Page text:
It should be noted that excessive swelling in body parts during pregnancy could be a symptom of an underlying condition like preeclampsia. However, an underlying condition like such will most likely show up only with other accompanying symptoms like high blood pressure, sudden weight gain, and the presence of protein in the urine. Such symptoms will be regularly monitored in your prenatal doctor visits.
In other cases still, pregnancy swelling could also be suggestive of deep vein thrombosis (DVT), a life-threatening occurrence as a result of blood clots in a deep vein. However, DVT is not only rare but also easy to differentiate as it tends to only affect one leg (usually the left leg) and may also cause a certain sense of heaviness or pain that gets worse on standing up. Your skin might also feel warmer than before. If you experience any of these symptoms, it could be a sign of an underlying condition and you should visit your health care provider immediately.
Swelling During Pregnancy: Treatment and Solutions
Here are a few ways how you can avoid or find relief from pregnancy swelling-
- Avoid standing for long periods of time
Try to take a lot of breaks and take a seat while you’re at it. At the same time, if your job involves sitting down for long hours, break the pattern and take a 5-minute walk at least once an hour.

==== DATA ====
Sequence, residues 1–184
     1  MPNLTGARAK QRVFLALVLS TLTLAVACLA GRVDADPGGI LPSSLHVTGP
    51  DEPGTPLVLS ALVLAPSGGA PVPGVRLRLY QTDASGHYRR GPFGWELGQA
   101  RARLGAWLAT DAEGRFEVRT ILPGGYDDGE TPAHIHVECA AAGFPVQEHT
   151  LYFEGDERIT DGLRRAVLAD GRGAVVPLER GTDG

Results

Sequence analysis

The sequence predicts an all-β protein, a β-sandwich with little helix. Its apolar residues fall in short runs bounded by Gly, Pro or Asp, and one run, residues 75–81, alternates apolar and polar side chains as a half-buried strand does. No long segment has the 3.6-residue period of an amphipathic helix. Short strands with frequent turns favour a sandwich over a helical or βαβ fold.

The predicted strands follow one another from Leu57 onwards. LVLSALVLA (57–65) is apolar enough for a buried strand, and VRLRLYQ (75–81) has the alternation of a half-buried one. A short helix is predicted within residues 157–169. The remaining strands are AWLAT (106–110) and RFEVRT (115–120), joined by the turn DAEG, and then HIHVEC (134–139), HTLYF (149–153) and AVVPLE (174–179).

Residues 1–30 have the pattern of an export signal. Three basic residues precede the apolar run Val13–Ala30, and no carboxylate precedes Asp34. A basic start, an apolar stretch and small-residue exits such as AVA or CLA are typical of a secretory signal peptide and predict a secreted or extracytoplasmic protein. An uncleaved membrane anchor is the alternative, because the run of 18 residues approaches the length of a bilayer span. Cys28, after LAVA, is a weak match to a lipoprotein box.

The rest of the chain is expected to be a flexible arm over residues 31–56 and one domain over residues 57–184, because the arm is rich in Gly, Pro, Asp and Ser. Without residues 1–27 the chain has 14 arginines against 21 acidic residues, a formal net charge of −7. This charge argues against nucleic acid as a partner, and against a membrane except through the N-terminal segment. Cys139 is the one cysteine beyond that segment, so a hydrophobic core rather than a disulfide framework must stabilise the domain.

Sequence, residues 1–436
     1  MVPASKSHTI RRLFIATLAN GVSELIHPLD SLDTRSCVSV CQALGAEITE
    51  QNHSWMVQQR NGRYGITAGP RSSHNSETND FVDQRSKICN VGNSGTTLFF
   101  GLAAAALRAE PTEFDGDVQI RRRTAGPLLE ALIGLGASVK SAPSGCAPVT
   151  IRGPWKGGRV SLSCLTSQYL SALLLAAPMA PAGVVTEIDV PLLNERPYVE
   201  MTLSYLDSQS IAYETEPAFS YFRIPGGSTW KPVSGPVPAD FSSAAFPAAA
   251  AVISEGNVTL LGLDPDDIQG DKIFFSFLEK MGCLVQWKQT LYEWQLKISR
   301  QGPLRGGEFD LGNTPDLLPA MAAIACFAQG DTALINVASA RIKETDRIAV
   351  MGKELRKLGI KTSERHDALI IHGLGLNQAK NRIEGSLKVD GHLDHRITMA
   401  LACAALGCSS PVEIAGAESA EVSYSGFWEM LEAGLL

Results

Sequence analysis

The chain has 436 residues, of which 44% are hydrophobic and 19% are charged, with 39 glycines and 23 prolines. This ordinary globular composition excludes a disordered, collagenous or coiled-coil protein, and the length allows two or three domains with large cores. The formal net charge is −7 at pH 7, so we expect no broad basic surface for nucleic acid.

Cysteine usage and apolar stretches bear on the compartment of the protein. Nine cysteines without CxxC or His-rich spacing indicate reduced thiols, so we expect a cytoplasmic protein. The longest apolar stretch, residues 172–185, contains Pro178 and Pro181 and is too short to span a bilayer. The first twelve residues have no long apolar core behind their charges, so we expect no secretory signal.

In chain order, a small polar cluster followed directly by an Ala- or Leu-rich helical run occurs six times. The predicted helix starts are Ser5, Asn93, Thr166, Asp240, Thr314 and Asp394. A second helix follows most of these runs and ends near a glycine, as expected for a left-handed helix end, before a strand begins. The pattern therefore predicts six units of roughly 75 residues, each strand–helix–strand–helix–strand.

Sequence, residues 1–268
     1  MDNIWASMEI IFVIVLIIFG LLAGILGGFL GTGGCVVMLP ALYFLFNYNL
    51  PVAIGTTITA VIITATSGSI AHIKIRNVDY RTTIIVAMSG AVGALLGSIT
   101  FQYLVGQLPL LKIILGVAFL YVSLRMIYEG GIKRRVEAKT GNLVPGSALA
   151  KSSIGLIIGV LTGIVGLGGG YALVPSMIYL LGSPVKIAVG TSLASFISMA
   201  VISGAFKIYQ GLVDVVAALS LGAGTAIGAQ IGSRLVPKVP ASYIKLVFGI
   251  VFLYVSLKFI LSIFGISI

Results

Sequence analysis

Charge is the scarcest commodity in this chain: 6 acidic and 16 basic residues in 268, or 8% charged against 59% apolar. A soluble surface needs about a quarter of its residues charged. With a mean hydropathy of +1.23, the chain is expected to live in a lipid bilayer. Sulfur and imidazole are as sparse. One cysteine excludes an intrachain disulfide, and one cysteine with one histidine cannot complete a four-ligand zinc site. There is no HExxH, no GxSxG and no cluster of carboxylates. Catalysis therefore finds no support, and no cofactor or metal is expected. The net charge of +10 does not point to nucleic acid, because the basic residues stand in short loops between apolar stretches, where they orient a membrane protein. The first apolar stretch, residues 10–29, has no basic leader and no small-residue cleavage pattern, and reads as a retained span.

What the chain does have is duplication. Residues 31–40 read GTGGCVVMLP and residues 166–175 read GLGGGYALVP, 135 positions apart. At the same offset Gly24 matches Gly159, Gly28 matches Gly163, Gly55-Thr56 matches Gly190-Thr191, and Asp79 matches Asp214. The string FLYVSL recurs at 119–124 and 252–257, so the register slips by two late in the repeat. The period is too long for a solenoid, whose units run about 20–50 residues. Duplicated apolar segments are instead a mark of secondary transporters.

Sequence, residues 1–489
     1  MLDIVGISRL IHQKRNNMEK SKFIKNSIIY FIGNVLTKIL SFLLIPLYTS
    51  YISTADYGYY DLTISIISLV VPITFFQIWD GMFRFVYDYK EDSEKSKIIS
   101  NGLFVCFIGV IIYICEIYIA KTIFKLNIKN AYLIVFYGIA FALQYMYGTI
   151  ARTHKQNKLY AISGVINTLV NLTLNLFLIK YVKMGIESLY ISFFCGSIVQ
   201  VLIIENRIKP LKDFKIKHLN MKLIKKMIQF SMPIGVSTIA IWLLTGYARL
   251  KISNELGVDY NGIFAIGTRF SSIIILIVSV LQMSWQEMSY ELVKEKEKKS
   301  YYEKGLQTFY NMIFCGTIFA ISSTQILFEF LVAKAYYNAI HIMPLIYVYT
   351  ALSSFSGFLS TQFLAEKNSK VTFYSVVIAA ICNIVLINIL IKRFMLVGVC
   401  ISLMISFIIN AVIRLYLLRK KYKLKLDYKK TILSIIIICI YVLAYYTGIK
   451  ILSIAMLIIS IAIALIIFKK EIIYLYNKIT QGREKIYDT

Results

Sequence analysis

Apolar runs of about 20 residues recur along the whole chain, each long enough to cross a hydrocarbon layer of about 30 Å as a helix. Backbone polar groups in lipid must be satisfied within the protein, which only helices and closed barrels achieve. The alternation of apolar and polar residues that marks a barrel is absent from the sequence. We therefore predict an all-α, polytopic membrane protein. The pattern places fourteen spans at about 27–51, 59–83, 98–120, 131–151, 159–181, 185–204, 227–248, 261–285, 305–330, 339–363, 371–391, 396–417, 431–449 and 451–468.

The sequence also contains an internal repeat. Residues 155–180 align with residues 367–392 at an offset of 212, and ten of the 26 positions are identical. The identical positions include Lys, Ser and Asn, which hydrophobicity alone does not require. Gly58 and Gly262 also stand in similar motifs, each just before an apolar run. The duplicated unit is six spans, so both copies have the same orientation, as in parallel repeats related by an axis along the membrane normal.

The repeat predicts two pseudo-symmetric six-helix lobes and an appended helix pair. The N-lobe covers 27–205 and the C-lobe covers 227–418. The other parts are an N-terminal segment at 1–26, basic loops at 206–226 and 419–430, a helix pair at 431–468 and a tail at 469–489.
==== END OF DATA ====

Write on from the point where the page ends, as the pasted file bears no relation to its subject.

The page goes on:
- Do not sit with hanging feet for too long
Instead, elevate your feet, and perhaps, ask for a foot massage too! You may also want to use some compression stockings.
- Try and practice pregnancy-safe exercises
Exercises like yoga or perhaps just a regular evening walk can help. You may also join a swimming class with a prior go-ahead-consultation from your doctor. Staying active helps reduce swelling as it keeps the blood flowing instead of pooling.
- Wear comfortable clothing
Do not wear tight, suffocating, pre-pregnancy tights or leggings as they will restrict the flow of blood as well as other body fluids.
- Investing in comfortable shoes
Perhaps a pair of orthotic shoes, along with the clothes might also be a good idea as they can reduce your pain by optimally absorbing and balancing the extra weight. As a pregnant mother, you should note that your feet will begin to feel bigger and shows will feel a little snug as the ligaments in your feet (just like the rest of the body) will now begin to loosen, owing to the hormone relaxing, causing the bones to spread out. Your old shoes will most likely feel rather tight and make the swelling worse.
- Use a full support pantyhose (preferably in a bigger size to make room for your growing tummy)
This can help reduce swelling by offering tight compression and warmth to your body.
- Drink plenty of water
And by plenty, we mean at least 8-10 glasses every day. Water helps get rid of toxins and excess sodium that could lead to swelling.
Above and over everything else, just focus on taking care of yourself momma! You may also want to take some prenatal vitamins to help you sail through your pregnancy like a breeze. Always remember what they say “happy mommy, happy baby!”